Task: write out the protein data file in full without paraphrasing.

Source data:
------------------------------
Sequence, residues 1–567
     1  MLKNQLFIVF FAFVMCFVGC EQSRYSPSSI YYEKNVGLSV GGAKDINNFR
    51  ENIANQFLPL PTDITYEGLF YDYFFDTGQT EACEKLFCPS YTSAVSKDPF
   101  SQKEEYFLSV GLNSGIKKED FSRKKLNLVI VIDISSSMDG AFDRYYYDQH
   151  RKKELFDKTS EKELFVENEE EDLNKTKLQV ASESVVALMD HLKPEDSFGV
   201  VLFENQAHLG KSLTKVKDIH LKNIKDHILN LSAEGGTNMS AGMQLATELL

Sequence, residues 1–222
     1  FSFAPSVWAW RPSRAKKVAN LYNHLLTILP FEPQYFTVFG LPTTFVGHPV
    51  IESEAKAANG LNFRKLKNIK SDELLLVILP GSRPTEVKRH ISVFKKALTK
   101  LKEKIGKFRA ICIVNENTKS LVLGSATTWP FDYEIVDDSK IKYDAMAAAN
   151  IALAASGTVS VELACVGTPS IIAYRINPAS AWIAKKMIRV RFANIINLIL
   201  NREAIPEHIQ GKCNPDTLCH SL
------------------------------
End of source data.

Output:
Sequence, residues 1–567
     1  MLKNQLFIVF FAFVMCFVGC EQSRYSPSSI YYEKNVGLSV GGAKDINNFR
    51  ENIANQFLPL PTDITYEGLF YDYFFDTGQT EACEKLFCPS YTSAVSKDPF
   101  SQKEEYFLSV GLNSGIKKED FSRKKLNLVI VIDISSSMDG AFDRYYYDQH
   151  RKKELFDKTS EKELFVENEE EDLNKTKLQV ASESVVALMD HLKPEDSFGV
   201  VLFENQAHLG KSLTKVKDIH LKNIKDHILN LSAEGGTNMS AGMQLATELL

Sequence, residues 1–222
     1  FSFAPSVWAW RPSRAKKVAN LYNHLLTILP FEPQYFTVFG LPTTFVGHPV
    51  IESEAKAANG LNFRKLKNIK SDELLLVILP GSRPTEVKRH ISVFKKALTK
   101  LKEKIGKFRA ICIVNENTKS LVLGSATTWP FDYEIVDDSK IKYDAMAAAN
   151  IALAASGTVS VELACVGTPS IIAYRINPAS AWIAKKMIRV RFANIINLIL
   201  NREAIPEHIQ GKCNPDTLCH SL